He is therefore reluctant to go to Vimalakirti and inquire about his illness. So the Buddha asks Prabhavyuha to go, but Prabhavyuha has had a similar experience. One day he just happens to meet Vimalakirti so Vimalakirti asked him where he was coming from - apparently quite a simple and innocent question. So Prabhavyuha replied that he was coming from 'Bodhimanda'; so 'Bodhimanda' means the place of Enlightenment, in other words he said he was coming from Buddhagaya where the Buddha gained supreme perfect Enlightenment and in particular coming from the 'Vajrasana', the so called diamond throne on which the Buddha sat under the Bodhi tree at Buddhagaya when He gained Enlightenment. So that's where he was coming from he said. So Vimalakirti had thereupon explained to him at some length what the 'Bodhimanda' really was; he Lecture 145: The Transcendental Critique of Religion Page 3 explained that it was not a place at all but a state of mind; he explained that it's something from which there is no question of the Bodhisattva coming at all because he's in it all the time, everything that he does is an expression of it. So not unnaturally Prabhavyuha too was rendered speechless. So he too is reluctant to go to Vimalakirti; he doesn't particularly want another dose of the same medicine. So in this way, the Buddha asks all the great Bodhisattvas to go; He asks Jagatimdhara, asks Sudatta, but they too had their own experiences of Vimalakirti, they too are unwilling to go. In the end the Buddha asks Manjusri - Manjughosa, the Bodhisattva of wisdom himself, to go but that is another story as they say. And what that story is we shall be seeing in our next talk, the week after next. Meanwhile, Vimalakirti has exposed the spiritual shortcomings of Maitreya and the rest; he's exposed the spiritual shortcomings of the Mahayana taken literally, he has exposed the spiritual shortcomings of the Mahayana taken as an end in itself.

So what does Vimalakirti represent here; it is quite easy I think to see what he represents. But it's not so very easy to put it into words. We could say that Vimalakirti represents truth or reality itself devoid of all concepts, and that will do provided we don't take it too literally, provided we don't let the phrases roll off our tongue too glibly. We could say that Vimalakirti represents the Enlightenment experience itself and what is it that happens when our partial spiritual experiences are brought in contact with truth or reality itself? What is it that happens when the means to Enlightenment are brought in contact with the Enlightenment experience itself? What happens when our doctrines, our institutions, our rules, are brought into contact with it? What happens is that their limitations are revealed and this can be a very painful experience. Indeed, it can be a very traumatic experience; painful that is to say, traumatic that is to say for those who identify themselves with their own partial spiritual experiences, who derive in fact their emotional security from them, from that identification, because it means that their own limitations are revealed and this can be a very shattering experience. So Vimalakirti is like a high voltage current of electricity: you touch him at your peril except of course that you don't touch him, he comes along and touches you. In traditional terms, Vimalakirti is like a great vajra, that is to say a great thunderbolt, a great diamond; he is powerful, he is incisive; at the same time he is brilliant and scintillating. He bursts through all your defences, all your limitations. He destroys what you are so that you are free to become what you can be.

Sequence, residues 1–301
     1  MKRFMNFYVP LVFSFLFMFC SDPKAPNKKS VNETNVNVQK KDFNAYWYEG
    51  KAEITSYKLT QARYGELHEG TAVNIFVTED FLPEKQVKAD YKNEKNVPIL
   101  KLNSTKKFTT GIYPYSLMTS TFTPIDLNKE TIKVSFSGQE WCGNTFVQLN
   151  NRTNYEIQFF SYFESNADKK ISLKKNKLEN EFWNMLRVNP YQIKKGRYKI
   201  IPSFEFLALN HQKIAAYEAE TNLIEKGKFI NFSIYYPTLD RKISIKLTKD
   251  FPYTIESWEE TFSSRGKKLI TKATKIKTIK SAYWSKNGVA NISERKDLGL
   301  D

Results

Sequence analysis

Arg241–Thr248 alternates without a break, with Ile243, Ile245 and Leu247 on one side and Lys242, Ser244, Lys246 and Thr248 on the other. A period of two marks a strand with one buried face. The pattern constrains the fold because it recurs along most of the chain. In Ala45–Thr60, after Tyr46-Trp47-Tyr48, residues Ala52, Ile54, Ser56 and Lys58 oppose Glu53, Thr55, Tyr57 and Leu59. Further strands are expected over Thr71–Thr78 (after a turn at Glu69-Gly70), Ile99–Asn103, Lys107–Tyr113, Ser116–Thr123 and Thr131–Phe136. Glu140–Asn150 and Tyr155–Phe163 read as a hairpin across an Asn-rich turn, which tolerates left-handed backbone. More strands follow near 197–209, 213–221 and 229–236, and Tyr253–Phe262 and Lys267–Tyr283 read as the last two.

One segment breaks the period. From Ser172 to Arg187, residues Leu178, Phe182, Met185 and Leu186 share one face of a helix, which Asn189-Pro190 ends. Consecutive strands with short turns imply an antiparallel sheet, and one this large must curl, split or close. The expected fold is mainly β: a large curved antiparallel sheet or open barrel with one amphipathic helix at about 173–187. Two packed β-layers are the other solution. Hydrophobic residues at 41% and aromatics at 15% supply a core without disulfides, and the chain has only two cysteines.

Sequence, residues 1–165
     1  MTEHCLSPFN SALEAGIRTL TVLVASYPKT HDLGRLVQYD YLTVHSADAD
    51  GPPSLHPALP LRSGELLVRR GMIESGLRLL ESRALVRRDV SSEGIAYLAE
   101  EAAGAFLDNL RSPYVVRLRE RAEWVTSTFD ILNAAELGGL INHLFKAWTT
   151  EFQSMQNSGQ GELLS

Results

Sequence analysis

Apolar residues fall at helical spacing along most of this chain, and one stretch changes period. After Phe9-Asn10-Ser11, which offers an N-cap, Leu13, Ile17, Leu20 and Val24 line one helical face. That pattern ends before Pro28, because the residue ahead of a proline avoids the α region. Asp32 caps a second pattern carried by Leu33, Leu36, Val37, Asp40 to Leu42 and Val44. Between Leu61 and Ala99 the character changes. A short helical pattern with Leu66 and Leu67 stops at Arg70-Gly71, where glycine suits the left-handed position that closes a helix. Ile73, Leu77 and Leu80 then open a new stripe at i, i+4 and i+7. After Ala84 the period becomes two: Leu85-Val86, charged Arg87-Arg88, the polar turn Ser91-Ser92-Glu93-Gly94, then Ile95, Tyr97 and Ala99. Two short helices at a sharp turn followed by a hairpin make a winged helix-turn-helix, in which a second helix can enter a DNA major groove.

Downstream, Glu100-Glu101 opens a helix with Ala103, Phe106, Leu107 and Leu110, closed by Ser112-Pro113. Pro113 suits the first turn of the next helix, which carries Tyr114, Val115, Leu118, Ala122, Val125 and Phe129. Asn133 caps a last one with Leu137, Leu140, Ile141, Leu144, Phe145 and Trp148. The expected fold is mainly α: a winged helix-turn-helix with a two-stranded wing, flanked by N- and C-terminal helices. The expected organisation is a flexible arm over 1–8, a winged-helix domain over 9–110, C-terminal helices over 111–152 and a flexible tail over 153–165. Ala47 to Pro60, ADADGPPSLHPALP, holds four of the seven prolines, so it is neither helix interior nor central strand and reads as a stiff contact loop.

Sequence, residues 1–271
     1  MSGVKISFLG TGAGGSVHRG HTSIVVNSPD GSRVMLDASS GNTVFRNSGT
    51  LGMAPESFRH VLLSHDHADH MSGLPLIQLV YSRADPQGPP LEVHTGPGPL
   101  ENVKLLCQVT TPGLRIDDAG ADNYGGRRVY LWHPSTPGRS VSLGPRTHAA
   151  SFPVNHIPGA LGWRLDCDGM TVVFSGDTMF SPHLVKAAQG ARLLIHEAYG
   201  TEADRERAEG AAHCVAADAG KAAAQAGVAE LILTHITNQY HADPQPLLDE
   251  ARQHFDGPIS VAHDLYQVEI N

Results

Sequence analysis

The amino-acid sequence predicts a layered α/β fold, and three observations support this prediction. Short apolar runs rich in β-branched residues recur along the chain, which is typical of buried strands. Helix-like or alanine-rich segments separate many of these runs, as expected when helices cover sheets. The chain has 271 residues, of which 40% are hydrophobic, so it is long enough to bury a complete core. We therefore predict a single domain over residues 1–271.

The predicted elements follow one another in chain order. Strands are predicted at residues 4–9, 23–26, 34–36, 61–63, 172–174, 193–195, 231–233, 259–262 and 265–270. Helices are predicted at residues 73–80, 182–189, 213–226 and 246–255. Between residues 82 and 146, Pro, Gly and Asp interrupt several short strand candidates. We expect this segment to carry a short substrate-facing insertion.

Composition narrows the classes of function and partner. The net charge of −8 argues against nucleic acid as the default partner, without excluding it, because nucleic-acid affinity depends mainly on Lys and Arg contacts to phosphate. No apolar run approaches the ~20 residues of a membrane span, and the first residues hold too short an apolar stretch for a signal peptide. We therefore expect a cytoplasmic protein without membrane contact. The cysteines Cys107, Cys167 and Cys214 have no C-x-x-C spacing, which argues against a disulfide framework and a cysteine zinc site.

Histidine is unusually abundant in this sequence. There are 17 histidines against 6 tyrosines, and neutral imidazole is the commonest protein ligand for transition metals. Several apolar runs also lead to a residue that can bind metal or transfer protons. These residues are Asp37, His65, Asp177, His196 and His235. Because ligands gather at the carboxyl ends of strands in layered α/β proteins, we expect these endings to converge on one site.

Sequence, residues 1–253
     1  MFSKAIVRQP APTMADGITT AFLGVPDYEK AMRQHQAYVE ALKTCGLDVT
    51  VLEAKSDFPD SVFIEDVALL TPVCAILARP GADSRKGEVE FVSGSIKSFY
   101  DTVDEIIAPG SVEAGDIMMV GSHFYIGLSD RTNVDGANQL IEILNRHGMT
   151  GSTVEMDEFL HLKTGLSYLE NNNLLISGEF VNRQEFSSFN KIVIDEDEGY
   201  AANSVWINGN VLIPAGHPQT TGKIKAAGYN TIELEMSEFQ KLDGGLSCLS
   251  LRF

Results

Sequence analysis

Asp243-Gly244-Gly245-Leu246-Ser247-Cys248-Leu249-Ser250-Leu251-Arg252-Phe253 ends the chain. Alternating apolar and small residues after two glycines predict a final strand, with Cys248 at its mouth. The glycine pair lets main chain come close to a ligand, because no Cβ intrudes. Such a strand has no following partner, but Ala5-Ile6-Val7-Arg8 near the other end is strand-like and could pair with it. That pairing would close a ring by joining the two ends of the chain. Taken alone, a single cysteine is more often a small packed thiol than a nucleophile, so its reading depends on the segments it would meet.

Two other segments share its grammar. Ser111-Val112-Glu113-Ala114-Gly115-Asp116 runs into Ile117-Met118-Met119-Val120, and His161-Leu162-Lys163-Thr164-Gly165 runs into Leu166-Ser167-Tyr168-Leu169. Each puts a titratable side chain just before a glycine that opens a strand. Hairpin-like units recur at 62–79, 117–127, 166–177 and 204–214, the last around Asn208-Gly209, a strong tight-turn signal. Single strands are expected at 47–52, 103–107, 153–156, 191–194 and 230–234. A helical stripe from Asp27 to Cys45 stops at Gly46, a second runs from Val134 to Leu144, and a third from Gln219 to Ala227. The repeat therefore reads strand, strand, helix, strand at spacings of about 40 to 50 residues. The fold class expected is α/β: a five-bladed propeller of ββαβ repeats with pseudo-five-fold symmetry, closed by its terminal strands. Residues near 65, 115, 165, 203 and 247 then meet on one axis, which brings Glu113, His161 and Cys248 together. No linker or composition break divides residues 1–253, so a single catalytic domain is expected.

I am reminded at this point of a film I saw some years ago; this might help to give us a little illustration. The film - I think, it was Passolini's "Theorem" - some of you, some of our older friends perhaps, may remember it! In this film as far as I can remember - my recollection may not be perfectly correct - a young salesman, in fact a rather attractive young salesman, spends the weekend with a middle class Italian family. It's an Italian film of course. It seems, it transpires, that he has some business with the father of the family who apparently is the head of some industrial firm or industrial project or other. And the family consists of father, mother, grown up son, grown up daughter and not so young maid servant. Now in the course of the weekend the young man manages to have affairs with all of them and the rest of the film shows the results of their contact with him. The mother becomes a nymphomaniac; the daughter has a nervous breakdown (you see her being taken away in an ambulance, ...